Frasi di William Golding

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William Golding

Data di nascita: 19. Settembre 1911
Data di morte: 19. Giugno 1993
Altri nomi: ویلیام قلدینق, Golding Uilyam, 威廉高汀

Sir William Gerald Golding è stato uno scrittore e insegnante britannico.

Fu insignito del Premio Nobel per la letteratura nel 1983.

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„Le più grandi idee sono le più semplici.“

—  William Golding

Origine: Il Signore delle Mosche, p. 152

„"Tu sei uno sciocco" diceva il Signore delle Mosche "nient'altro che uno sciocco, un ignorante." Simone mosse la lingua, ch'era tutta gonfia, ma non disse nulla. "Non ti pare?" disse il Signore delle Mosche "non sei uno sciocco e basta?" Simone gli rispose con la stessa voce senza suono. "E allora" disse il Signore delle Mosche "faresti meglio a correr via e a giocare con gli altri. Credono che tu sia un po' tocco. Tu non vuoi mica che Ralph creda che tu sia un po' tocco, no? Ti è simpatico Ralph, no? E anche Piggy, anche Jack, no?" La testa di Simone era alzata un po' in su. I suoi occhi non si potevano staccare dal Signore delle Mosche sospeso nel vuoto davanti a lui. "Che cosa stai a fare qui tutto solo? Non ti faccio paura?" Simone ebbe un sussulto. "Non c'è nessuno che ti possa dare aiuto. Solo io. E io sono la Bestia." La bocca di Simone si aprì a fatica e vennero fuori delle parole comprensibili: "Una testa di maiale su un palo." "Che idea pensare che la Bestia fosse qualcosa che si potesse cacciare e ucciddere!" disse la testa di maiale. Per un po' la foresta e tutti gli altri posti che si potevano appena vedere risuonarono della parodia di una risata. "Lo sapevi no?.. che io sono una parte di te? Vieni vicino, vicino, vicino. Che io sono la ragione per cui non c'è niente da fare? Per cui le cose vanno come vanno?" La risata echeggiò di nuovo. "Su" disse il Signore delle Mosche ".. torna dagli altri, e dimenticheremo tutto quanto." La testa di Simone girava, scoppiava. I suoi occhi erano semichiusi, come se imitassero quella cosa oscena sul palo. Egli sapeva che stava per venirgli uno dei suoi accessi. Il Signore delle Mosche si gonfiava come un pallone. "Questo è ridicolo. Tu sai benissimo che non mi incontrerai altro che lì.. dunque non cercare di fuggire." Il corpo di Simone era inarcato e rigido. Il Signore delle Mosche parlava con la voce d'un maestro di scuola. "Questo scherzo è durato abbastanza, davvero. Mio povero bambino traviato, credi di saperne più di me?" Ci fu una pausa. "Ti metto in guardia. Sto per perdere la pazienza. Non vedi? Non c'è posto, per te. Capito? Su quest'isola ci divertiremo. Capito? Su quest'isola ci divertiremo. Dunque non provarci nemmeno, mio povero ragazzo traviato, altrimenti.. " Simone si accorse che stava guardando dentro una gran bocca. Dentro c'era buio, un buio, che dilagava. "Altrimenti.." disse il Signore delle Mosche "ti faremo fuori. Capisci? Jack e Ruggero e Maurizio e Roberto e Guglielmo e Piggy e Ralph. Ti faremo fuori. Capisci?" Simone era dentro la bocca. Cadde e perse coscienza.“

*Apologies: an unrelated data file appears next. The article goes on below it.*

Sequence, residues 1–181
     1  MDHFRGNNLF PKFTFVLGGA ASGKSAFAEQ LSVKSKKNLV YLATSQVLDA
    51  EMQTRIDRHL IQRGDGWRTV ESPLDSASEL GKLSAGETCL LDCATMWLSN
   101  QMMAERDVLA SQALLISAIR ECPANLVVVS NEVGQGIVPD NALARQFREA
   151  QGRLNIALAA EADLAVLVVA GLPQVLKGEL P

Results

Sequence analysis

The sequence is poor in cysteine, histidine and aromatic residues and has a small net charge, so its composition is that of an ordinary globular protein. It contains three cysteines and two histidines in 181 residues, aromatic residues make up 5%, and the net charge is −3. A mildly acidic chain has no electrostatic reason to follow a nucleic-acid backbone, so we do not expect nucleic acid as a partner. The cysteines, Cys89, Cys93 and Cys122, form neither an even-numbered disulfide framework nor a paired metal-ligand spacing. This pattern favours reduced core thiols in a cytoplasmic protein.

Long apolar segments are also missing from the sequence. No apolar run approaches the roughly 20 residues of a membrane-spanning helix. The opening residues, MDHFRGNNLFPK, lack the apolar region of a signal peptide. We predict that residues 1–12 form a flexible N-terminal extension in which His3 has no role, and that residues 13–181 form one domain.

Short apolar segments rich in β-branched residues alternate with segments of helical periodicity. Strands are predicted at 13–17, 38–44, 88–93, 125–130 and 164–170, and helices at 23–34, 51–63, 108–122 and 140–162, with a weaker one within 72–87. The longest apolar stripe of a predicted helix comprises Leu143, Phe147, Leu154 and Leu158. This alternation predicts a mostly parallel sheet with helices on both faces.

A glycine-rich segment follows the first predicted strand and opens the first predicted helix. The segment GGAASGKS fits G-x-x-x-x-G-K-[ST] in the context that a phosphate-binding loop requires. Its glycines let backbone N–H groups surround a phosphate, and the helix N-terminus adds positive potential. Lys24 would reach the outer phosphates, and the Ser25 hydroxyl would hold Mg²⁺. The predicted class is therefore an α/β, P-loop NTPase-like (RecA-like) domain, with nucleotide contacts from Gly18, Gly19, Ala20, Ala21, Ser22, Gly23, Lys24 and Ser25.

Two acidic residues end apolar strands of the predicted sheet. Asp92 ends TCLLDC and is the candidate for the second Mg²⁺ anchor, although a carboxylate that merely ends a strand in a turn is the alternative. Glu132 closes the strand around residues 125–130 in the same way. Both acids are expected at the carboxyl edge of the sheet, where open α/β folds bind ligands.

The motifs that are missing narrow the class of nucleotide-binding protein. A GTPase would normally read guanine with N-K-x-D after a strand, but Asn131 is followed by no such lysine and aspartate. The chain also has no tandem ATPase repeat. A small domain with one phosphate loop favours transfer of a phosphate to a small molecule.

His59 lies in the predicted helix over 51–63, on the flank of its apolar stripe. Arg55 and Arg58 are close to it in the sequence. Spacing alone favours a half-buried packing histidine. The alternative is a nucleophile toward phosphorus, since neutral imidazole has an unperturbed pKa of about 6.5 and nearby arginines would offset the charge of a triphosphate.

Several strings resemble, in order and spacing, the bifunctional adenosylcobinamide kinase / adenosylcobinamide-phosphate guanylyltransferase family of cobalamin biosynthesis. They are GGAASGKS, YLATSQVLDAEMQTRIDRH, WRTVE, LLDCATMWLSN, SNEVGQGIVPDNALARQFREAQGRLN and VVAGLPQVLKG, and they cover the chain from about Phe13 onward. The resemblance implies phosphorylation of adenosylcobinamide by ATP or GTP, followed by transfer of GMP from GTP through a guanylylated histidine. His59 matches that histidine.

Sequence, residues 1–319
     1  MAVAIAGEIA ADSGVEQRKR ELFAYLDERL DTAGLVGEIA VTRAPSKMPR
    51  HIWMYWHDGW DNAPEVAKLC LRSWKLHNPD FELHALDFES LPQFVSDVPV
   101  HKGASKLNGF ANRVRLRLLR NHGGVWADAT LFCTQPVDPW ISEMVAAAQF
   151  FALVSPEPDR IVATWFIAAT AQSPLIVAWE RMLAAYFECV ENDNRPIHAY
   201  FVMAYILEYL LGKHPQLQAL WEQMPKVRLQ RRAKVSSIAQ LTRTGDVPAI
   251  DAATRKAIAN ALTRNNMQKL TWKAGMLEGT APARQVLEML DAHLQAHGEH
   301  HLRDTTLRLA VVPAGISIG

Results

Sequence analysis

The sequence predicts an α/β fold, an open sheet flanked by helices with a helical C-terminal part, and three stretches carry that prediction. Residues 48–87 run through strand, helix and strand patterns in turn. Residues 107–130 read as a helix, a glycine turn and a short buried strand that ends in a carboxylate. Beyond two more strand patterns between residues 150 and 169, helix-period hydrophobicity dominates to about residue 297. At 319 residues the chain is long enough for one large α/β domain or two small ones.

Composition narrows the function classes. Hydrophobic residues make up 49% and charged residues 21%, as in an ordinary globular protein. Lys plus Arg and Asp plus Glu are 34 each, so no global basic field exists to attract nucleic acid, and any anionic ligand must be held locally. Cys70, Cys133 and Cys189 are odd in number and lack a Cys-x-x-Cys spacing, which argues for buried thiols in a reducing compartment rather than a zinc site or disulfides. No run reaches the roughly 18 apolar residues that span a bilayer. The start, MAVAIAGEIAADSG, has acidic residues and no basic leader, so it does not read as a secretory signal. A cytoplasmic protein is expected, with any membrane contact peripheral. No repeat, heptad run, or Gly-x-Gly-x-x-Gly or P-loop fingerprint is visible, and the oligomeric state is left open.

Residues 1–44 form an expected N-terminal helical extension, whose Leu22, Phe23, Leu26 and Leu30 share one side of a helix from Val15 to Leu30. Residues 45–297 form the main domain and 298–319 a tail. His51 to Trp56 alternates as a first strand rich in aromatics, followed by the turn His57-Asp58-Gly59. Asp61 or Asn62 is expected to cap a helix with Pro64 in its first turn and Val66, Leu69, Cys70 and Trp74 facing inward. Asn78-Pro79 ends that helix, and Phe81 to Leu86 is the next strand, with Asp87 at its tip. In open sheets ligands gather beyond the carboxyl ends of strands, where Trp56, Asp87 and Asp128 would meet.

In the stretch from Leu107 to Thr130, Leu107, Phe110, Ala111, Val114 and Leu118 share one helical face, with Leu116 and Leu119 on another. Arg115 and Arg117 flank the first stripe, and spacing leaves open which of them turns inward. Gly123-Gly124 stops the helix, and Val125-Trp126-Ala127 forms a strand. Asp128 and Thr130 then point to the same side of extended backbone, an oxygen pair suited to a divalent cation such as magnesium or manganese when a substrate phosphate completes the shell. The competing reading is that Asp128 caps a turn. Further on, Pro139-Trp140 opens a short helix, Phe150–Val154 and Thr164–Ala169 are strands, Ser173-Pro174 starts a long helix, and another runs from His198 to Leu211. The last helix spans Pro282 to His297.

—  William Golding, libro Il signore delle mosche

Origine: Il Signore delle Mosche, p. 168 "Il signore delle mosche" edizione oscar mondadori